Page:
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Hindujas ‘very bullish' on India's growth

Harish Damodaran
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Perceived ‘governance paralysis', political corruption and uncertainties over environmental regulations do not seem to really worry the Hindujas, who are “very bullish” on the long-term India growth story.

“We expect India's growth rate to overtake China's in the next 10, if not five, years,” declares Mr Gopichand Hinduja.

“You can see this already happening in some sectors. Take commercial vehicle sales, where our growth has surged past them. Even in passenger cars, we are No. 2,” points out the London-based non-resident Indian businessman.

At present, India accounts for just 7-8 per cent of the Hinduja Group's $25-billion worldwide turnover. “We intend raising that to 15 per cent or more by 2015,” Mr Hinduja told Business Line on the sidelines of the World Economic Forum's Annual Meeting here.

Investment plans

The Hindujas, in fact, have quite a few investment plans — both ongoing as well as proposed — for India. Ashok Leyland Nissan Vehicles Pvt Ltd — a 51:49 joint venture in which the Japanese auto giant, Nissan, holds the minority stake — will start manufacturing light commercial vehicles (5 to 7.5 tonnes range) from June.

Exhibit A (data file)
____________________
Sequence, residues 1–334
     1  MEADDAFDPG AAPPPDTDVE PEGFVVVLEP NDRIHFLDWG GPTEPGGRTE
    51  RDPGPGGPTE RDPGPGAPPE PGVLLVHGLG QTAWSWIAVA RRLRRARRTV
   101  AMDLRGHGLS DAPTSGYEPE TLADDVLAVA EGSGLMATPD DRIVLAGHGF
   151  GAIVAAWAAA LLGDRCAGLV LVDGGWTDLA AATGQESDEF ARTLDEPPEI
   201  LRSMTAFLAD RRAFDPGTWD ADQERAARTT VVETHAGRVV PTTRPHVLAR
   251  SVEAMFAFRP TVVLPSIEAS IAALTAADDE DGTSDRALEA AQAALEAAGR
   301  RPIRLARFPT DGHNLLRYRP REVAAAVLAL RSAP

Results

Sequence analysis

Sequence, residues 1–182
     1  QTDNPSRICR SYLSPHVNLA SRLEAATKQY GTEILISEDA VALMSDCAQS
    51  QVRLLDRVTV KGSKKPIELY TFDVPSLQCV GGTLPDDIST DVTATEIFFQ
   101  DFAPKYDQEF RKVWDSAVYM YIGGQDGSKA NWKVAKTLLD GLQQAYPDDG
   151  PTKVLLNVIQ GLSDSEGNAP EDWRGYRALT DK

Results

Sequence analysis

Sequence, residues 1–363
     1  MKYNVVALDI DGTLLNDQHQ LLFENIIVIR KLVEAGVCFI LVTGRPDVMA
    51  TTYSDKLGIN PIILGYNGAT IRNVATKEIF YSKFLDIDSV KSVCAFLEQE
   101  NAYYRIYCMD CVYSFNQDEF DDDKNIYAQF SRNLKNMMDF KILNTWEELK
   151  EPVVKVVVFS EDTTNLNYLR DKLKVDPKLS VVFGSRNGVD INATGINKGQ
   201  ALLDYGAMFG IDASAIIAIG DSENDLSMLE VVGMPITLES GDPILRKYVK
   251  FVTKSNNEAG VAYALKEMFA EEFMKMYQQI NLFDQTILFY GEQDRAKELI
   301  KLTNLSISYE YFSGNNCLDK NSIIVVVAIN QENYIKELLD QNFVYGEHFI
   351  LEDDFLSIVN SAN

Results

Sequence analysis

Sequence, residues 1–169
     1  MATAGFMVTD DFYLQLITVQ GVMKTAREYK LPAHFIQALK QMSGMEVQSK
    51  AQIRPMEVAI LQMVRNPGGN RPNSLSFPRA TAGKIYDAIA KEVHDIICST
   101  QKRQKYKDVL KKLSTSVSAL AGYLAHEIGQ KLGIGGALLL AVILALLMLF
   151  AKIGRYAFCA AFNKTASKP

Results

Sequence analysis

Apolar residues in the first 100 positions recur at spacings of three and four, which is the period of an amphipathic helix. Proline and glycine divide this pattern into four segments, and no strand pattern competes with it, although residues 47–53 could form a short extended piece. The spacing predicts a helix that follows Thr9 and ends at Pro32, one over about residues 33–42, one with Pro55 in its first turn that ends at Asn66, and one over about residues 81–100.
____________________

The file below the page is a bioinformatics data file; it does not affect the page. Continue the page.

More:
The group's Indian flagship, Ashok Leyland, also has a 50:50 joint venture with the US tractor-cum-construction equipment major, John Deere. This venture — to produce backhoes, four-wheel drive loaders and excavators — will also go on stream from mid-2011, said Mr Hinduja.

In addition, “we are planning an IPO for our cable TV business (IndusInd Media and Communications) in the next 3-4 months, for which a merchant banker has already been appointed”, he added.

Vizag power plant

But the group's biggest investment underway is a 1,040 MW coal-based power plant at Visakhapatnam (Andhra Pradesh). The project has been in hibernation for various reasons — including problems of land acquisition — since it was first mooted as a ‘fast-track' project in the early 90s.

“The financial closure is over and the EPC (engineering, procurement and construction) contract has been awarded to Bharat Heavy Electricals Ltd, which has already started work. Starting from a zero date of June 2010 and 38 months of construction, the project should achieve commissioning by mid-2013. It is a merchant power plant, where we are required to supply 25 per cent of the electricity generated to Andhra Pradesh. We are not averse to even supplying the entire 100 per cent to the State,” Mr Hinduja said.

The Group proposes creation of a total generation capacity of 10,000 MW through the Hinduja National Power Corporation by 2020. The new power plants will come up mainly in Gujarat and Madhya Pradesh. 

When asked about the impact of recent political developments on investor confidence, Mr Hinduja claimed that these are not very serious concerns.

“All Governments in power from the 1990s have been pro-reforms and pro-growth. What is happening now is probably some kind of cleaning up. After all, nature has to play its role. But yes, it is not good if India is clubbed with corruption,” he added.             

(This article was published on January 27, 2011)
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